While most of us were distraught about the world getting cancelled back in early March, longtime Philly garden guru Sally McCabe was thinking about our food system.
She worried farms and processors would close, distribution would be disrupted, people would hoard, groceries would get expensive (accurate predictions).
She and many of her colleagues at the Pennsylvania Horticultural Society (PHS), were thinking about how the pandemic would impact our food supply in the long term.
“We closed the Flower Show, we went home, we panicked, and we started shooting videos in our yards of, What can you grow if you can’t get to the store?” McCabe says. Have dry black beans, old potatoes or sprouting onions lying around? Stick them in the dirt!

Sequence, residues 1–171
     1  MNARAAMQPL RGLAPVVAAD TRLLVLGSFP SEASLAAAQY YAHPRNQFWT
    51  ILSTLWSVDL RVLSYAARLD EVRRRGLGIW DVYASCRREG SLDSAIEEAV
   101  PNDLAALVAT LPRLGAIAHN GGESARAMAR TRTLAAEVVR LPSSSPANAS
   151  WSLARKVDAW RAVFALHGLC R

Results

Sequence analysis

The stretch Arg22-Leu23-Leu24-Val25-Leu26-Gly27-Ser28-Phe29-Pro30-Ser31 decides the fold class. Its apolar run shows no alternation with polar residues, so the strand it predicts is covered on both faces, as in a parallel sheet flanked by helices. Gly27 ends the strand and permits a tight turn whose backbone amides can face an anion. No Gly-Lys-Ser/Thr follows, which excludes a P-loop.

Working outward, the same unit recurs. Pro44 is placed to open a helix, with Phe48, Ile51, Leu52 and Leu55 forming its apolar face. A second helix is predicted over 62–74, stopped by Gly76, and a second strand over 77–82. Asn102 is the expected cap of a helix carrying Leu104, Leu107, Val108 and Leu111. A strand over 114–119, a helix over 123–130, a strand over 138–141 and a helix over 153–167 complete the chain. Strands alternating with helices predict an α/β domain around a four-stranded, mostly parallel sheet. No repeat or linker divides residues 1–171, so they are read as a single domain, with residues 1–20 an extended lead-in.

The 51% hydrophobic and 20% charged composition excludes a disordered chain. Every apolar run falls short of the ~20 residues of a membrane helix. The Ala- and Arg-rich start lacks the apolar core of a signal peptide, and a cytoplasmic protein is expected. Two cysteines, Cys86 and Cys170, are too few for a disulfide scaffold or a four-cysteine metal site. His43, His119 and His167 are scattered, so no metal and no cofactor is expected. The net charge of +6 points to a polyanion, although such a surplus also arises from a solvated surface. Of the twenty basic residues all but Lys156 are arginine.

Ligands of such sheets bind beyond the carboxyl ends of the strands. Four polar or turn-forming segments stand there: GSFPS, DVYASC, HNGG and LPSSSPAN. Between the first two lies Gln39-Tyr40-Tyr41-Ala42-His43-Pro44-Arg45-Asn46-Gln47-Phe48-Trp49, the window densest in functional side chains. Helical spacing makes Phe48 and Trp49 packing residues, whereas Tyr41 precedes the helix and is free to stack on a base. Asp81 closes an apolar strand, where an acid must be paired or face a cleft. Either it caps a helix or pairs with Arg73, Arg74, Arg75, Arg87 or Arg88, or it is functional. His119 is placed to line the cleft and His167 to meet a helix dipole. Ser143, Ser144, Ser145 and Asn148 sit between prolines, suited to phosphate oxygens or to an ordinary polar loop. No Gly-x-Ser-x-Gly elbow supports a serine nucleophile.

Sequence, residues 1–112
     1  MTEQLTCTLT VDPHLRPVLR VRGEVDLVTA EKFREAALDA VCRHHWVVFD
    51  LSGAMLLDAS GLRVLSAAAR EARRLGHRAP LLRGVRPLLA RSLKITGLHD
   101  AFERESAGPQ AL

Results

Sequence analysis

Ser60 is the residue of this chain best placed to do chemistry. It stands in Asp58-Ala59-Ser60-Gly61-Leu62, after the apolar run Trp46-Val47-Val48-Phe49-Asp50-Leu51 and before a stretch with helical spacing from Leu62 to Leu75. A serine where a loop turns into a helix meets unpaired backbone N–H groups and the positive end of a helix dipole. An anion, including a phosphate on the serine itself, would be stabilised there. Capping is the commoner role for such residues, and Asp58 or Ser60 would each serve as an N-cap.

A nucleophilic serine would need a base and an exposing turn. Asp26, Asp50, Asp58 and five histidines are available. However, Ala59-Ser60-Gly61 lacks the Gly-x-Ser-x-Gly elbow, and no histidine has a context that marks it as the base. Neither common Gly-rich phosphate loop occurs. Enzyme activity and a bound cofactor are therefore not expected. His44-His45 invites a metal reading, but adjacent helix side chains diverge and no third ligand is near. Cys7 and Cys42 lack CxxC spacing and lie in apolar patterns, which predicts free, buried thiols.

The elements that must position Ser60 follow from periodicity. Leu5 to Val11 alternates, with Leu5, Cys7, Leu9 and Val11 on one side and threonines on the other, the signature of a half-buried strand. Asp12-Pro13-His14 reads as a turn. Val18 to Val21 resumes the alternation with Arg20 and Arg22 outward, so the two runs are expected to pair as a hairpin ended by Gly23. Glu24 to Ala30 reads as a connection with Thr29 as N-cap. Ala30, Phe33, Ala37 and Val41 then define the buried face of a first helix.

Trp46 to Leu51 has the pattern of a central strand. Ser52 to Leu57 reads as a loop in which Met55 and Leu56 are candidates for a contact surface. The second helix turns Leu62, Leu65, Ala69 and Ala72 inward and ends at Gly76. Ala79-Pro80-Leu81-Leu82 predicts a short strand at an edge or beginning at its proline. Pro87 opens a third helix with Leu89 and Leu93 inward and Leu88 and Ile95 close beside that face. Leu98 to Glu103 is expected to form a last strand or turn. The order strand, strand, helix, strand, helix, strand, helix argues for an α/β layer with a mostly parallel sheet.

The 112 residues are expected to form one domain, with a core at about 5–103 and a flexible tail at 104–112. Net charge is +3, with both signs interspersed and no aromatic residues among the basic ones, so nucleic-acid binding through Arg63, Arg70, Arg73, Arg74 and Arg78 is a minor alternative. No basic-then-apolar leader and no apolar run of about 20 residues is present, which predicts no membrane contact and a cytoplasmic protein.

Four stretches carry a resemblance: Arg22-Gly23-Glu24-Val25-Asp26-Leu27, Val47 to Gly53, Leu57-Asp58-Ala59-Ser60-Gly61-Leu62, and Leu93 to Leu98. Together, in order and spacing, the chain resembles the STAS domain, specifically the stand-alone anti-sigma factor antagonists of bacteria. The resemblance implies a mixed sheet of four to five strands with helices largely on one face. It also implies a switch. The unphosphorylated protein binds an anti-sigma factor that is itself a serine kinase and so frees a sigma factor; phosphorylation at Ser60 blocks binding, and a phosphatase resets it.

“That’s the joy of it all is sharing,” Birchett says. “It’s so cool to share food, to share fresh vegetables, in a community like ours that is a food desert.”
As Philadelphians were laid off and lines at area food banks grew, they posted these zero-budget, spur-of-the-moment videos and it made them realize: “We’ve got the brain trust,” says McCabe. “People need to know how to grow food, and we need to be teaching them right now.”
They launched Harvest 2020 to mobilize their massive network of garden enthusiasts and educate and empower new gardeners to grow more this year. It has inspired the collective action of growers (grow food to feed yourself and your family), sharers (grow food to donate), and donors (help provide folks with access to gardening supplies) that answered the call. (It’s not too late to join!)